CAN-SPAM Compliance

The CAN-SPAM Act, which stands for the Controlling the Assault of Non-Solicited Pornography And Marketing Act of 2003, sets the rules for commercial email, establishes requirements for commercial messages, gives recipients the right to have you stop emailing them, and spells out tough penalties for violations. Here are key factors to ensure compliance with the CAN-SPAM Act:

  1. Accurate Header Information: The "From," "To," "Reply-To," and routing information – including the originating domain name and email address – must be accurate and identify the person or business who initiated the message.

  2. Relevant Subject Lines: The subject line must accurately reflect the content of the message. It cannot be deceptive or misleading.

  3. Disclosure of the Message as an Ad: The law requires that your email is clearly and conspicuously identified as an advertisement or solicitation unless you have obtained express consent from the recipient that says otherwise.

  4. Location Information: Your email must include your valid physical postal address. This can be your current street address, a post office box you’ve registered with the U.S. Postal Service, or a private mailbox you’ve registered with a commercial mail receiving agency established under Postal Service regulations.

  5. Opt-Out Mechanism: Your message must include a clear and conspicuous explanation of how the recipient can opt out of getting email from you in the future. Craft the notice in a way that's easy for an ordinary person to recognize, read, and understand. Provide a return email address or another easy Internet-based way to allow people to communicate their choice to you. You must honor a recipient’s opt-out request within 10 business days.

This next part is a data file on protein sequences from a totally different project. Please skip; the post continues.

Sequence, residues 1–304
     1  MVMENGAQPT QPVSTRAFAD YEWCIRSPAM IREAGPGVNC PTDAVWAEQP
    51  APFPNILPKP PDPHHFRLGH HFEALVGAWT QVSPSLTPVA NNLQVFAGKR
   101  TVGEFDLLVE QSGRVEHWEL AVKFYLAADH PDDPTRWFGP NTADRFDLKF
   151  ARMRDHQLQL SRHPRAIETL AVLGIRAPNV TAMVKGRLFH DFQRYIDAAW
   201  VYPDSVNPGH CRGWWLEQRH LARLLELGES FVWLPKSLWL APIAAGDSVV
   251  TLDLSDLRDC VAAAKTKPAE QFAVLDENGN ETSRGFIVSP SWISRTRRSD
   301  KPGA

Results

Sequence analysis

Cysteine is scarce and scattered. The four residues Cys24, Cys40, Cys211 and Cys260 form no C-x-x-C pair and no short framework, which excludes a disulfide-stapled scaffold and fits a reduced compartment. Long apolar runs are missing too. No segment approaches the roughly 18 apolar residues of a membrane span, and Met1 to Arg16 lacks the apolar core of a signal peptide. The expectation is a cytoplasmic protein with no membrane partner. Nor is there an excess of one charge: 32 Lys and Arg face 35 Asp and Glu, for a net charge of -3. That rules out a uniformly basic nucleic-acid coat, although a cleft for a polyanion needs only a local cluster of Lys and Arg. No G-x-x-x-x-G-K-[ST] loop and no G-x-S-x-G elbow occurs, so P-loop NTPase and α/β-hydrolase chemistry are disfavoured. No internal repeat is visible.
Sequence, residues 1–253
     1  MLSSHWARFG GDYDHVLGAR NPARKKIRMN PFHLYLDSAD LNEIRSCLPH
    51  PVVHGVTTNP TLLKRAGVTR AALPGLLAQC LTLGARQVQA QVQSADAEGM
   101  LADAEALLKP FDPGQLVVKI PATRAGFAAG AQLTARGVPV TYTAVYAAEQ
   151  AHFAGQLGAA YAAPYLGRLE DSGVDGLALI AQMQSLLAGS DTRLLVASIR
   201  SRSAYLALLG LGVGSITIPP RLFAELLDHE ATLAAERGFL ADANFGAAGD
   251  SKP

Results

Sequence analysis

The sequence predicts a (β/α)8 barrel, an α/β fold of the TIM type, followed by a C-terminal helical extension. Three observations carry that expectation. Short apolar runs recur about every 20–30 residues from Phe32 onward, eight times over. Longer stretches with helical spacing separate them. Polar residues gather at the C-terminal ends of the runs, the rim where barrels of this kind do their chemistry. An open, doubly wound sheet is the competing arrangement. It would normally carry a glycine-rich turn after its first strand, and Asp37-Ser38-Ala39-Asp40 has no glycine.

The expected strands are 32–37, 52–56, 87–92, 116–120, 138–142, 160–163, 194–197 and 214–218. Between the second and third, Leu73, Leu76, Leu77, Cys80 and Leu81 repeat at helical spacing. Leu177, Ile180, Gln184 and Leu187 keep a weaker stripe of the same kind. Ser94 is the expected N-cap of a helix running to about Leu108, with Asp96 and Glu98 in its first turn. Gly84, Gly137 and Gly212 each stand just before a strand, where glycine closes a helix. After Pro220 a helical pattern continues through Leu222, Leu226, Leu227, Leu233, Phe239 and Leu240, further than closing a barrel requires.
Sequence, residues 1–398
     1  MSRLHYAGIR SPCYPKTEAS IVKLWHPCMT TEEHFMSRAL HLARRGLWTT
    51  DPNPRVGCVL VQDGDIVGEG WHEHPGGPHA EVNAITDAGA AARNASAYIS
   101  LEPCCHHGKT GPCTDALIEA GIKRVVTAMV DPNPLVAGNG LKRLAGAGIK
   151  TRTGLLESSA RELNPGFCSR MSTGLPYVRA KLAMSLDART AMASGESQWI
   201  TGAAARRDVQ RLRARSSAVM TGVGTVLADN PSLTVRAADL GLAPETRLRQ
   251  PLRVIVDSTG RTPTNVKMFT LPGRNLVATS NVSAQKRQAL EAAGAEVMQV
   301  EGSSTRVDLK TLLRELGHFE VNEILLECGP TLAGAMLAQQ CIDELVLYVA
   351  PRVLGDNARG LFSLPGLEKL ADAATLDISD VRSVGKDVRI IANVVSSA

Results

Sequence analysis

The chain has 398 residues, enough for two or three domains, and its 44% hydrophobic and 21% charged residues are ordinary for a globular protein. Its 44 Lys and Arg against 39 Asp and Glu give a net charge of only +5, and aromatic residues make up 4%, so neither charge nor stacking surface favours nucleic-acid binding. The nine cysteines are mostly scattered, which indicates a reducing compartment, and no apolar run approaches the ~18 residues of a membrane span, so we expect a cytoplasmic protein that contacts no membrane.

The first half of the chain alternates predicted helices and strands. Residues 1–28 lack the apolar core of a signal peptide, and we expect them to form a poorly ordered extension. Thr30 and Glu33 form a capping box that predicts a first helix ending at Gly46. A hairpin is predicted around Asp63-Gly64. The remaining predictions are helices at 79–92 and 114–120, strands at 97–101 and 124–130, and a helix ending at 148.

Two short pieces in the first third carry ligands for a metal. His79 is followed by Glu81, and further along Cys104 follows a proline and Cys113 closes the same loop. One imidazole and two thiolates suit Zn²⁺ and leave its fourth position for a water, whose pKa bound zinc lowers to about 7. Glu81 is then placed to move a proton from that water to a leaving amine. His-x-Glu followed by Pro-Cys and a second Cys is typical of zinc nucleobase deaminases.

6. Honor Opt-Out Requests Promptly: You cannot charge a fee, require the recipient to give any personally identifying information beyond an email address, or make the recipient take any step other than sending a reply email or visiting a single page on an Internet website as a condition for honoring an opt-out request.

  7. Monitoring What Others Do on Your Behalf: If you hire another company to handle your email marketing, you cannot contract away your legal responsibility to comply with the law. Both the company whose product is promoted in the message and the company that actually sends the message may be held legally responsible.

Compliance with the CAN-SPAM Act involves more than just avoiding spammy practices. It's about respecting the privacy and preferences of your recipients while providing truthful and clear information about your identity and the nature of your communications. Non-compliance can result in hefty fines, so it's important to adhere to these principles in all your email marketing efforts.

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